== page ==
Rough Drafts on the Iranian Protests

I am reading a lot about the events in Iran this week, and I thought this piece by Charles Kurzman in Foreign Policy cut through the fog, reminding us of the cottage industry of punditry that clouds and rarely enhances our understanding of these important events.  Out of all the rough draft predictions, I think we can safely say that we are witnessing something more significant than just “blowing off steam.” (Interestingly, I have also heard Echo Moskvy referred as a type of “pressure valve.”  Maybe Iran and Russia should look into updating their social plumbing.)

But the biggest similarity between the current protests and the Islamic revolution is the population’s widespread confusion about what comes next.echo In a year from now, people will look back on this week and say that what happened was inevitable. Whatever happens, they will predict the outcome retroactively. Already, experts are providing rough drafts for these explanations, such as:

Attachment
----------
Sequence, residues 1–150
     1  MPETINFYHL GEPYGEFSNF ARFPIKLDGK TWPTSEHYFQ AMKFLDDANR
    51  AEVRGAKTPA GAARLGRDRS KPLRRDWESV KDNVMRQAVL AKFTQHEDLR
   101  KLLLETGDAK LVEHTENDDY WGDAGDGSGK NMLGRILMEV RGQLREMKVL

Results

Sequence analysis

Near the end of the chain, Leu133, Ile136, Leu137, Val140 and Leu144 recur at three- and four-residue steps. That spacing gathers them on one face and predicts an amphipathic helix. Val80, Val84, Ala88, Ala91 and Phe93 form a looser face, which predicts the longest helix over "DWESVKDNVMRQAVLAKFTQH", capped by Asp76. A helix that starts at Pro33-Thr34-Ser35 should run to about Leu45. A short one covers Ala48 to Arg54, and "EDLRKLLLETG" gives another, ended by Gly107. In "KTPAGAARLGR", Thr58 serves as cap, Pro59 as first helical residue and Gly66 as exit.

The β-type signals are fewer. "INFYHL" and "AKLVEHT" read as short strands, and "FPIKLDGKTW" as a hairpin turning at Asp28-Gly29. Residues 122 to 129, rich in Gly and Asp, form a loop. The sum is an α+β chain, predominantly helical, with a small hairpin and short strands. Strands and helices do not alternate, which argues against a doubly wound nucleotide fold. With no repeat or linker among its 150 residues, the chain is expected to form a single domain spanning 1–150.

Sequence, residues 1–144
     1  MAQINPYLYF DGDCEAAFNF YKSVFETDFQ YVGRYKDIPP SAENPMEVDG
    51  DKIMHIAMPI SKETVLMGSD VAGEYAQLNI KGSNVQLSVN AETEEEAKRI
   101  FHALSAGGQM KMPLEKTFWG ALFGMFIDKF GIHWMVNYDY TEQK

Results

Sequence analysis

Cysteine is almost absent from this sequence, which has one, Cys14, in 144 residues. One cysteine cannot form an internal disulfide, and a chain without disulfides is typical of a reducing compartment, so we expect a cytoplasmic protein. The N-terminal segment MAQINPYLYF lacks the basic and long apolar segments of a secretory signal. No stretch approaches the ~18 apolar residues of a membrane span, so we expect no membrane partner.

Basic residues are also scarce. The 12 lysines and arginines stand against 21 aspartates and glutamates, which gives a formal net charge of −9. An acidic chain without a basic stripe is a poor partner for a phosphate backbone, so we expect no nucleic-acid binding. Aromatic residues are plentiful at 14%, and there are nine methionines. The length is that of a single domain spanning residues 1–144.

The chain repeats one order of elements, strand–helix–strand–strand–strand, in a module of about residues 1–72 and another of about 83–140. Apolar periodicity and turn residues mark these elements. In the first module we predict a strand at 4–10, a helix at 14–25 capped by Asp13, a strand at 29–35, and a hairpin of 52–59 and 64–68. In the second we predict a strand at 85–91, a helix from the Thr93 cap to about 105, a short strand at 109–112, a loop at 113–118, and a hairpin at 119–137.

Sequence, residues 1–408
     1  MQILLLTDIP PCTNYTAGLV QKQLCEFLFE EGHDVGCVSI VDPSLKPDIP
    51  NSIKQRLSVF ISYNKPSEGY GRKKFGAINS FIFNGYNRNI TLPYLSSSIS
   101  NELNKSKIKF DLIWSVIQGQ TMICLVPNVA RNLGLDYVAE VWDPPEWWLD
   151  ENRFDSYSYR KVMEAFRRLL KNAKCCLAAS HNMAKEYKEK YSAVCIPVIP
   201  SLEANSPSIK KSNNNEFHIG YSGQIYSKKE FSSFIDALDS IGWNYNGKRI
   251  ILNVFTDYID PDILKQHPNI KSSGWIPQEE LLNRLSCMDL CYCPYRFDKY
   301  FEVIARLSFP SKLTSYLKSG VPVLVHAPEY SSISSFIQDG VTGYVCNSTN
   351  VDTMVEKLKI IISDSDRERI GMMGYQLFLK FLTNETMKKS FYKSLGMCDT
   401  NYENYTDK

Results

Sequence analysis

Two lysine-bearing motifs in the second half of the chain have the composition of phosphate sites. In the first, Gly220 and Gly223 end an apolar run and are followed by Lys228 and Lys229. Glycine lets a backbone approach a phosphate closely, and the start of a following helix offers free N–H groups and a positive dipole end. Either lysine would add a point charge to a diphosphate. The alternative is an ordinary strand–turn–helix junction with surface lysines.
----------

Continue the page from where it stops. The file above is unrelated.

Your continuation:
• A charismatic and enigmatic opposition leader is serving as a rallying point for different sectors of society, who all imagine that he shares their varied political positions; the opposition is too small and divided to pose a serious threat to the regime.
    • The main leaders of the opposition movement — presidential candidate Mir Hossein Musavi and his ally, former President Mohammad Khatami — are not calling for a revolution, only for a resumption of the Islamic Republic’s previous electoral procedures; during the violence of a revolution, moderation often gives way to more radical demands.

  • In the months prior to the outburst, oil prices boomed and busted, along with theglobal economic downturn; the government still controlled billions of dollarsin reserves that it doled out to supporters through barely disguised giveaways.
  • The Internet, cell phones, and satellite television have added new networkingcapabilities to the age-old rumor mill; access to these technologies is notuniversal in Iran, and is being shut down by the government.
  • The ruling elite is too divided to repress the opposition effectively; the rulingelite is pulling together and cannot be toppled.
  • Violentrepression will keep people from protesting much longer; violent repressionwill backfire and produce even more protesters.
  • Concessionswill buy time for the regime while tempers cool; concessions will only whet theopposition’s appetite.
  • Outrageand grievance is boiling over; this week’s protests are a safety valve blowingoff harmless steam.